In plenty of situations, Japan’s reliance on public transportation is a life-saver. Need some extra time to study for that test in first period? Pull out your notebook and review on the train to school. Had a few drinks too many? Park yourself in a seat on the subway, take a 30-minute nap, and arrive at the station with just enough power to walk home and get your key in the door.

Now, a railway in Chiba Prefecture is looking to give a hand not just to procrastinating students and heavy drinkers (who are, of course, often one and the same), but to young lovers, too, with its special priority seats for couples. That’s right, singletons, you just got one more reason to hate clingy couples.

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Granny carries handicapped granddaughter to school every day, has never been late

Many city dwellers, including myself, complain and curse whenever the bus or train is late or breaks down mid-commute, causing us to be late for school or work. We often forget that we are in fact very lucky to be able to commute on public transport. Some children living in the suburbs or countryside spend hours on foot, some even have to cross mountains or rivers just to get to school.

Somewhere in Yibin City of Szechuan Province, China, a 66-year-old granny covers four kilometers of mountain roads on foot each day to send her handicapped granddaughter to school. That in itself is already an amazing feat, but the incredible thing is, they have never been late for school!

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Who’s inside those theme park costumes? In China, it could be this 75-year-old woman

Like a lot of kids who grew up in Southern California, I’ve got fond memories of going to Disneyland and seeing characters from my favorite cartoons walking around. So it was a bit of a surprise when I moved to Japan, a country that arguably buys into the concept of Disney magic more wholeheartedly than any other, and met multiple people, generally women, who said the costumed performers were their least favorite part of a visit to Disneyland. “Mickey dances around and acts so cute,” they’d say, “but what if there’s some middle-aged guy inside?”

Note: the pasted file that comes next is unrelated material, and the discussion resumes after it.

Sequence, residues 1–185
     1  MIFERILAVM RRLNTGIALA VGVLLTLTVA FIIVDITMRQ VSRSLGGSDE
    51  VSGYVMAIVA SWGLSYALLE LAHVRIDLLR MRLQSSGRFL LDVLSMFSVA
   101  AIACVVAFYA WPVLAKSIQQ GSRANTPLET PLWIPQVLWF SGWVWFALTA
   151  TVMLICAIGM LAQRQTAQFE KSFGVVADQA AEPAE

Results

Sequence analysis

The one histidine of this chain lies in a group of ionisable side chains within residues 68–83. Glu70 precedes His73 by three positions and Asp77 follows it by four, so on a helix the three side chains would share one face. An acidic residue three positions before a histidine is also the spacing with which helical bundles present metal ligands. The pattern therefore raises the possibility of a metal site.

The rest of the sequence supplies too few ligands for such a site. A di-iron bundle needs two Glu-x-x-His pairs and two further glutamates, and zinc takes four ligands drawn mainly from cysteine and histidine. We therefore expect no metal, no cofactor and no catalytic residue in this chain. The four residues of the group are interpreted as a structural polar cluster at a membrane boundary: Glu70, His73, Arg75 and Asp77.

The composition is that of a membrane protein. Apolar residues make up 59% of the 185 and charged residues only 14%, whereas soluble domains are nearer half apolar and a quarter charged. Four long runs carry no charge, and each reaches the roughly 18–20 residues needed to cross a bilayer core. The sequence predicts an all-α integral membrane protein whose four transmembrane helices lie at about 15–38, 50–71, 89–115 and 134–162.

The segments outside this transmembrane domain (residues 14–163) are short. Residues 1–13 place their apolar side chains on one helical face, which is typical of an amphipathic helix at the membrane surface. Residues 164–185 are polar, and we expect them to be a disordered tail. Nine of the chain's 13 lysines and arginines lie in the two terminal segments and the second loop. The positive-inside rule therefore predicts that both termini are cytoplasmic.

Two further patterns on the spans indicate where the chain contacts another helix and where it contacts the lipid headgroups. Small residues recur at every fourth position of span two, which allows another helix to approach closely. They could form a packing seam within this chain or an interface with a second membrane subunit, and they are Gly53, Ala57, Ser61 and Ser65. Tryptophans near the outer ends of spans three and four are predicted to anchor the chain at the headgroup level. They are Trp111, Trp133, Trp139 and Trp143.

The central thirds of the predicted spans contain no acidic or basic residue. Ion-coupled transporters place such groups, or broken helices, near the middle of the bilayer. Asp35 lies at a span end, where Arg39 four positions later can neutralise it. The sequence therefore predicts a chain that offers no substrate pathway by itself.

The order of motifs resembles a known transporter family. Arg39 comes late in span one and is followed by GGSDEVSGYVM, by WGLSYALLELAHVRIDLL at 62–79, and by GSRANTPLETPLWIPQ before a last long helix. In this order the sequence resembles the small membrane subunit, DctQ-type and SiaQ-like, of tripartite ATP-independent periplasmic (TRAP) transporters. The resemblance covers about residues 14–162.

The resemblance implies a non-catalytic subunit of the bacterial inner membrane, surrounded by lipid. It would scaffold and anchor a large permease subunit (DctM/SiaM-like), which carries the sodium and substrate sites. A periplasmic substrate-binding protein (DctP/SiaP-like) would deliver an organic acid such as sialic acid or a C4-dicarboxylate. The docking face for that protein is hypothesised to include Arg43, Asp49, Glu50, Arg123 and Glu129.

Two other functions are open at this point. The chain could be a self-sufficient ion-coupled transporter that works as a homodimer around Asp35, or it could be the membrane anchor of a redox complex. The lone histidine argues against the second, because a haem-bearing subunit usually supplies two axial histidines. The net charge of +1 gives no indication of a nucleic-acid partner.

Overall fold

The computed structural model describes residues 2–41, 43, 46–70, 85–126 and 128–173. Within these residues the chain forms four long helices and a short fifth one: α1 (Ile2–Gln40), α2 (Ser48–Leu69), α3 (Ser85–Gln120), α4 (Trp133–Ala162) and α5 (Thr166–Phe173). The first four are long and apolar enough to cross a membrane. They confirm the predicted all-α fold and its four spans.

Personally, I’d say a middle-aged man is still far less appalling than an actual human-sized rodent would be, but somehow that age/gender combination was always held up as the worst possible reality that could be hiding inside the suit.

Meanwhile, in China, Disney fans have come flocking to one Mickey Mouse performer with an even more surprising identity: a 75-year-old woman.

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PDA in Japan: Is it OK to Kiss on the Street Corner?

Icha Icha is a Japanese term used to describe anything from light flirting to making love. It includes things like ‘necking’ and ‘making out’, but also holding hands or even just entwining pinky fingers.  Drawing close and giving long meaningful looks is also included in the realm of icha icha.  

Traditionally, Japan is not a touchy country.  Unless you are jammed up against somebody on a rush hour train, you tend to keep yourself to yourself.  Just think of how hands off bowing, the traditional greeting between two people, is.

Although more young people these days tend to hold hands or hold on to each other in some way, kissing in public, is still quite taboo.  It has always been quite shocking to see any couple kissing in the street or on the subway in Japan.  (Possibly the refrain to “Get a room” or “take it elsewhere” is universal, but such public displays of affection have always been less frequent in Japan than say, the US or France.)

Being a relatively new thing, this public icha icha-ing,  has no guidelines to it.  More and more people find themselves in the uncomfortable situation of coming face to face with icha icha without knowing how to react to it.

Yahoo! Japan asked readers for their thoughts on where they draw the line on public displays of affection. In other words: How much public icha icha you are willing to put up with?